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Five things to know about end-of-life care

Published: 
Monday, December 9, 2013

Even in death, Nelson Mandela continues to impart wisdom to us. Many who admired the man as an anti-apartheid freedom fighter and reconciliatory visionary also followed his health challenges in his last days, and the family disputes that surrounded him in his final moments, as unresolved end-of-life issues surfaced and spilled over into the public sphere.

 

According to international media reports, at one point doctors believed Mandela to be in a “permanent vegetative state” and therefore recommended his life support machines should be turned off. Later, however, he was reported to be “critical but stable.” All the while, there were reports of conflict within Mandela’s family concerning treatment options, estate disposal and burial site selection for South Africa’s first black president.

 

The fact is that as patients face their own mortality, it can be difficult for them and their families to make even seemingly simple decisions. Research has shown that physicians tend to overestimate prognostic timelines. Patients are sometimes offered expensive, invasive and time consuming treatments, at times to little avail. Undergoing major interventions like surgery or chemotherapy can provide benefit to an individual but there are also instances where such procedures may reduce length or quality of life.

 

Palliative care medicine has evolved to address this difficulty. If someone is diagnosed with a serious or life-threatening illness, palliative care can be involved at any point in the course of the disease. The goal is to maximise quality of life for whatever time is left.

 

Palliative care provides comprehensive medical, social, psychological and spiritual support for people with terminal or serious illness. The unit of care is not just the affected individual but involves the support network of the family as well.

 

Many details of Mandela’s condition were not made public, which is acceptable, as his doctor-patient confidentiality was being maintained. Still, there is much we can learn from his situation and apply to our own lives, especially if we have a loved one who is seriously or terminally unwell.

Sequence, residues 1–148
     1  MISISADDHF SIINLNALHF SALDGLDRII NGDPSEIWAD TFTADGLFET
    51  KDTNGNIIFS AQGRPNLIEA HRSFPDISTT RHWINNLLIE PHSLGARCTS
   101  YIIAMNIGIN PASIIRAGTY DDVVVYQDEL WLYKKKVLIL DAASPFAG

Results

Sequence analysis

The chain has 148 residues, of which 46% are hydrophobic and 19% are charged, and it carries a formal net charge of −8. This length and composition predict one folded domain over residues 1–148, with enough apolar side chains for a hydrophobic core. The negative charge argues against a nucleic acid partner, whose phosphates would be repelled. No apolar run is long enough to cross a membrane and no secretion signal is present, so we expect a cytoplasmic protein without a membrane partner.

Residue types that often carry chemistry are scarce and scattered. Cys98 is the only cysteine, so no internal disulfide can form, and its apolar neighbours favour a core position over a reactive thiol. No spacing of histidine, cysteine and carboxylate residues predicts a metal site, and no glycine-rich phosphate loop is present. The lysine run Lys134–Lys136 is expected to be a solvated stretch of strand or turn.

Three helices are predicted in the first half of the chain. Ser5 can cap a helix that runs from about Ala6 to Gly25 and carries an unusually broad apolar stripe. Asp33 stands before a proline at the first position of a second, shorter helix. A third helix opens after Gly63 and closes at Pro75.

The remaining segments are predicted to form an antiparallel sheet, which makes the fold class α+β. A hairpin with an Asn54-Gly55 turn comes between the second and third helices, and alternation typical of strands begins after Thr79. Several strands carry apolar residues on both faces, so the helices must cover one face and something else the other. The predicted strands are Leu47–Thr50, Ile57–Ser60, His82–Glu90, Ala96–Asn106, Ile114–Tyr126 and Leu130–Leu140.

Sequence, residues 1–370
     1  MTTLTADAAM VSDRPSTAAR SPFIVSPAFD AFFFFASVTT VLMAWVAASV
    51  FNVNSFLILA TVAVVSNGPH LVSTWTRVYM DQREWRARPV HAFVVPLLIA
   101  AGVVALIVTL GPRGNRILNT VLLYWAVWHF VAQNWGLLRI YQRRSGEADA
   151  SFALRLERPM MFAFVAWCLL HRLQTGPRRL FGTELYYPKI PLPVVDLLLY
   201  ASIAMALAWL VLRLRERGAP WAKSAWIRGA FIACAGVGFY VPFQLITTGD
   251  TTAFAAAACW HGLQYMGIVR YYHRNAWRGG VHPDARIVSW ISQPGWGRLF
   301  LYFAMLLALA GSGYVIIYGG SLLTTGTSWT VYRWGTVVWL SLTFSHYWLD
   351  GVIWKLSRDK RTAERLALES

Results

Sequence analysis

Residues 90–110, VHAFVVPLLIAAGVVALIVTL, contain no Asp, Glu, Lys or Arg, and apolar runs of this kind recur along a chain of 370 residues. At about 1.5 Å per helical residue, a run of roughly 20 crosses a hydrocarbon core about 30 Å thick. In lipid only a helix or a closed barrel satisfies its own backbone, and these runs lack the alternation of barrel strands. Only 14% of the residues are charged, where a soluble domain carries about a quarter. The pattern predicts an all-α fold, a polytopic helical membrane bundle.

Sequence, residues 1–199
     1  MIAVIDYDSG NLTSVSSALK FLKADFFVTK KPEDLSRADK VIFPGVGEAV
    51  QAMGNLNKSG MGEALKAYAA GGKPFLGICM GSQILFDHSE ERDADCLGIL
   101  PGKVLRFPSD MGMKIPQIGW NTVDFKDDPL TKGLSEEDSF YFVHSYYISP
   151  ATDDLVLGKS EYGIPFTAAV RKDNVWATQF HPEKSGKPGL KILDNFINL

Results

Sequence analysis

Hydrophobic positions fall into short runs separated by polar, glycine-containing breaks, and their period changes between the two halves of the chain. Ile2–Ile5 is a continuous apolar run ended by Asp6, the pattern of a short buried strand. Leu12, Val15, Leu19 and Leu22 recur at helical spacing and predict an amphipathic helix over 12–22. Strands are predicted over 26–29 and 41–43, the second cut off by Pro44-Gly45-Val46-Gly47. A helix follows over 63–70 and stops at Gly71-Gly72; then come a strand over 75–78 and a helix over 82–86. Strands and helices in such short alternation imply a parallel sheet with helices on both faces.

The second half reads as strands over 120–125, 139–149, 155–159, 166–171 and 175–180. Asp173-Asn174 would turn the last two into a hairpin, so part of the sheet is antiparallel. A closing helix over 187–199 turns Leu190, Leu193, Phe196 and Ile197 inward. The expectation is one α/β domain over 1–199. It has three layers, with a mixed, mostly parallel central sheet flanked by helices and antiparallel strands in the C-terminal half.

Here are five things we should all know about palliative care:

 

• Know your loved one’s preferences. It can be hard to make decisions for someone when they are too ill to communicate. Talk to your ill loved one to decide what is most important to them. Talking about death can be tough but not knowing what that person wishes can add stress and conflict to the family dynamic. Most people, when asked, prefer to be at home surrounded by loved ones when faced with end of life rather than being in a hospital on machines unable to communicate with their families.

 

• Ask your physician lots of questions. Most good physicians are happy to receive, research and answer questions. Ask about treatment options. And don’t be afraid to ask what would happen if you decided not to receive a particular treatment. Be balanced: try to ask about both the risks and the benefits of anything a medical team can offer.

 

• Build a good support group. It can be family, friends and support from your religious organisation. When faced with an outcome of a shortened life, one must remember that it is a challenge that one should not face alone. It is also a good time to delegate extra responsibilities and dispose of excess emotional baggage.

 

• Talk about death. Remember, talking about death will not make it happen sooner. Many families are afraid to talk about end of life with a relative because they are afraid their loved one will “give up” and die sooner. Some families try to block information from the dying patient. The physician’s first duty is to the patient so if the patient wants to know, the physician is ethically obligated to answer honestly. This is a good thing. Planning for death is useful because it can help ensure that one’s end of life wishes are followed and interventions that are not desired are avoided.  

 

 
• Embrace uncertainty. None of us knows when we will die. Most palliative practitioners talk about prognosis in ranges of time. Although there are certain clinical clues that give a physician an idea about how much time someone has left to live, these are estimates and the physician can be proven wrong. Predictions of time left are generally more accurate the closer the person is to death.
No one likes to talk about death. But talking about it with your loved ones can give insight that can reduce stress and conflict. We have control about nearly every aspect of our lives. Shouldn’t we plan for our final moments as well?

• Ravindra P Maharaj (MBBS, MSc, MRCP, American Board certified in internal medicine, geriatrics, hospice and palliative medicine) is a lecturer in the Department of Clinical Medical Sciences, University of The West Indies, St Augustine campus.

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